ASEPA and ASCC-ACNR conduct Pesticide Applicator Training for Chinese Farmers


By Daniel Helsham, ASCC-ACNR

Published on March 13, 2019

The American Samoa Environmental Protection Agency (ASEPA) and American Samoa Community College (ASCC) - Agriculture, Community, and Natural Resources (ACNR) Division conducted a special pesticide applicator training program specifically for Chinese farmers from March 4th to 6th at the ACNR Conference Room. This is the first time Chinese farmers have attended a pesticide applicator training.


“There are quite a few Chinese farmers producing vegetables that are sold to the Department of Education’s School Lunch Program and grocery stores,” said ASCC-ACNR Agriculture Extension Program Manager Autagavaia Tunai Alfred Peters. “Chinese farmers never attend our Quarterly Pesticide Applicator Safety Certification Trainings because they do not understand English or Samoan. Because of that, we applied for a pesticide grant that would fund pesticide training for these farmers to make sure that they become educated and that they are in compliance with pesticide rules and regulations.”

Along with Peters, ASEPA’s Environmental Specialist Tualagi Gaoteote conducted the training for 11 Chinese farmers. Feng Ling Zhang was hired to translate the training materials into the Chinese language. She also helped during the training sessions by translating training information for the Chinese farmers to reinforce the curriculum and to avoid any confusion or miscommunication.


This pesticide applicator-training program consisted of both lecture and hands-on training in English and Chinese. During the three-day training, participants learned about the safe and effective use of pesticides, proper storage, worker protection, rules and regulations, environmental safety and agricultural health. Participants who successfully complete the written exam will receive an American Samoa Pesticide Applicator Certification.


“This training is beneficial to these farmers because now they will have the knowledge and skills to purchase and apply pesticides lawfully and safely,” said Peters. “The improper use of pesticides can lead to harmful effects on the environment and human health. When more farmers successfully complete these trainings we greatly reduce the possibility of pesticide-contaminated produce being supplied to the community. It assures the people of American Samoa that they can buy vegetables safe from pesticide abuse.”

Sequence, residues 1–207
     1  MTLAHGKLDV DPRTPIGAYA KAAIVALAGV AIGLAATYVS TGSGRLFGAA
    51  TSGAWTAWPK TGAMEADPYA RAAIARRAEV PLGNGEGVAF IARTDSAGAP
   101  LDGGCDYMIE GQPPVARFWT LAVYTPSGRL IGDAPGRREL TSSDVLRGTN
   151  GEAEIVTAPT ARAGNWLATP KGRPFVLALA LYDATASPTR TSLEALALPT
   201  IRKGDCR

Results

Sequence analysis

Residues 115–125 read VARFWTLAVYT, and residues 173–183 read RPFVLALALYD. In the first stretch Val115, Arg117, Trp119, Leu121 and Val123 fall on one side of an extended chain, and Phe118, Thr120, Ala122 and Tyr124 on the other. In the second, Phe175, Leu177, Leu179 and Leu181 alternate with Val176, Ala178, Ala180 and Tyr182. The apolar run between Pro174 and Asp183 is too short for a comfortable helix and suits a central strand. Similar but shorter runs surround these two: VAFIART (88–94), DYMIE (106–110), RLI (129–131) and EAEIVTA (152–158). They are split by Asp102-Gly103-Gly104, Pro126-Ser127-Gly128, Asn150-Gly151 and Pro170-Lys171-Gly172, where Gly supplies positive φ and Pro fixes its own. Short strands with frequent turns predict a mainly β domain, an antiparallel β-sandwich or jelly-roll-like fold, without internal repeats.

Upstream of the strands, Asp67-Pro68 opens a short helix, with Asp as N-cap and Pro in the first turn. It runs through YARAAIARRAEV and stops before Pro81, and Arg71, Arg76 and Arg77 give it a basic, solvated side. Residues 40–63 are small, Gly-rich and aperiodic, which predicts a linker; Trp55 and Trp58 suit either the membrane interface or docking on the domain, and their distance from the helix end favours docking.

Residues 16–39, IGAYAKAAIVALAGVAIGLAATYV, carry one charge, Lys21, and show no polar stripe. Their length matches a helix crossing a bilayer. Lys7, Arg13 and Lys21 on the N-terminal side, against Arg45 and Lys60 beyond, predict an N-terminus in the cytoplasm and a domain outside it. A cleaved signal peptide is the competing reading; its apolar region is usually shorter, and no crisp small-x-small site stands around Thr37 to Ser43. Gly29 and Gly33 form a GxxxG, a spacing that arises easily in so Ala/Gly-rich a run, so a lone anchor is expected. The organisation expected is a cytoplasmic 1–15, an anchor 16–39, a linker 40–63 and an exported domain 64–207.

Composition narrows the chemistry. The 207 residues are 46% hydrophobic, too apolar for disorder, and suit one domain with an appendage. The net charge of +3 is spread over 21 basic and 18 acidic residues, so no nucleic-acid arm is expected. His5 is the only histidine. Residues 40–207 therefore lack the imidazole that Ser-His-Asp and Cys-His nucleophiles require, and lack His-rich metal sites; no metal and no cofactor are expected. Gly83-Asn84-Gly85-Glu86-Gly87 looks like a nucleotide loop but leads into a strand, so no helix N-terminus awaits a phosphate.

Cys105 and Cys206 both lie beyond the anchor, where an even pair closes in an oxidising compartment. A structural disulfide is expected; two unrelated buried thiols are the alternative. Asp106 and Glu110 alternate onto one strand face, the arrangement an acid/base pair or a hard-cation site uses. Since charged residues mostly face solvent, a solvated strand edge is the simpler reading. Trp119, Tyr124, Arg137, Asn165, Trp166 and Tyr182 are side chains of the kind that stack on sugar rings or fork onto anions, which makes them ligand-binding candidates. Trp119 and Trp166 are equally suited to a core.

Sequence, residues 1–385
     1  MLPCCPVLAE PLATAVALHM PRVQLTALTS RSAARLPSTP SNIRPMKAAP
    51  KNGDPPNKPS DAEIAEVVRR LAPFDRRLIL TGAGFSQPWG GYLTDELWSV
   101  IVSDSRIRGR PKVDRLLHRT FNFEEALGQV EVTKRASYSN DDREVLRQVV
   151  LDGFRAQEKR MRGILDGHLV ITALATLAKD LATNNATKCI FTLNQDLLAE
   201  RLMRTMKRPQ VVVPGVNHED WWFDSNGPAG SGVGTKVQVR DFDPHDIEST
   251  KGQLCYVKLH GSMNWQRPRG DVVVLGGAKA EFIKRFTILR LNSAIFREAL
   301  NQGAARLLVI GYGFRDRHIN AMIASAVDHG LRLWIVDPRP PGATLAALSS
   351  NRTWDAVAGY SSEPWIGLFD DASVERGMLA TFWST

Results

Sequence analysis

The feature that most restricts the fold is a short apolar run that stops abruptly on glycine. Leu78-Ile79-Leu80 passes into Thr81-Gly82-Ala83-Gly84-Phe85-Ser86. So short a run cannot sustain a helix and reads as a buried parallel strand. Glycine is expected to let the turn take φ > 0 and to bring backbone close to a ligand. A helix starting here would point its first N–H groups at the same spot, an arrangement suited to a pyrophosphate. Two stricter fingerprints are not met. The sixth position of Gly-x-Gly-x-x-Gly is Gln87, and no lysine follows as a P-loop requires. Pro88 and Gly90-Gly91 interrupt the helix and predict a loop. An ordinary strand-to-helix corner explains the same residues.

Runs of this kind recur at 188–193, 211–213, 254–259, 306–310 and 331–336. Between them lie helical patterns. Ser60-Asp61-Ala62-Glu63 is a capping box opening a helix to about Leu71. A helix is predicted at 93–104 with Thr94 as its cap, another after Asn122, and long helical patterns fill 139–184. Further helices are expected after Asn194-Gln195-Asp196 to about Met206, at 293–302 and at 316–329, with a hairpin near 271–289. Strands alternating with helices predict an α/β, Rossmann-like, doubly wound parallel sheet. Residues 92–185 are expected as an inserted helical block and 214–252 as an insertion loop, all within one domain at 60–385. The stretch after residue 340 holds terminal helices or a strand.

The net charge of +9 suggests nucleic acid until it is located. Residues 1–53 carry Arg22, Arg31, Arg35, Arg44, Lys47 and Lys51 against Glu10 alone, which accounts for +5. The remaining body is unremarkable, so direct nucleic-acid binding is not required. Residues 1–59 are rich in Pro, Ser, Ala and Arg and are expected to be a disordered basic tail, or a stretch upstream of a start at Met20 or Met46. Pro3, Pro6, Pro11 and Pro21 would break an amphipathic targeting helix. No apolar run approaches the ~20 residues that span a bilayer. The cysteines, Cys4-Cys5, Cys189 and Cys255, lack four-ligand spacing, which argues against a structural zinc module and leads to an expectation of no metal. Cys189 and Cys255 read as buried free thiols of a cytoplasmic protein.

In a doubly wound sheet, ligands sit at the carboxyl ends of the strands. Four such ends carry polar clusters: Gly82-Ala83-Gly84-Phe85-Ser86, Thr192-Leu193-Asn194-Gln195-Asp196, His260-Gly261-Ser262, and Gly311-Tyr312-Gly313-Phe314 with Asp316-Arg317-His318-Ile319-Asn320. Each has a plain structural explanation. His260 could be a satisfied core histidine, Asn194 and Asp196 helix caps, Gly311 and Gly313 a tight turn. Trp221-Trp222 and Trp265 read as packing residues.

The Quarterly Pesticide Applicator Safety Certification Training is free and offered every three months by ASCC-ACNR. If you are using farm pesticides or are planning to use chemicals in the near future, these trainings are a good opportunity to learn about the safe usage of these chemicals. For more information on the pesticide applicator-training program contact the ASCC-ACNR Agriculture Extension Program at 699-1575, ext. 240.

The American Samoa Environmental Protection Agency (ASEPA) and ACNR conducted a special pesticide applicator training program specifically for Chinese farmers from March 4th to 6th. This is the first time Chinese farmers have attended a pesticide applicator training. While many Chinese farmers produce vegetables that are sold to the Department of Education’s School Lunch Program and grocery stores, the have never attend an ASEPA or ACNR Quarterly Pesticide Applicator Safety Certification Trainings because they do not understand English or Samoan. Because of that, the two agencies applied for a pesticide grant that would fund pesticide training for these farmers to make sure that they are in compliance with pesticide rules and regulations. Along with ACNR Agriculture Extension Program Manager Autagavaia Tunai Alfred Peters, ASEPA’s Environmental Specialist Tualagi Gaoteote conducted the training for 11 Chinese farmers. Feng Ling Zhang was hired to translate the training materials into the Chinese language. She also helped during the training sessions by translating training information for the Chinese farmers to reinforce the curriculum and to avoid any confusion or miscommunication.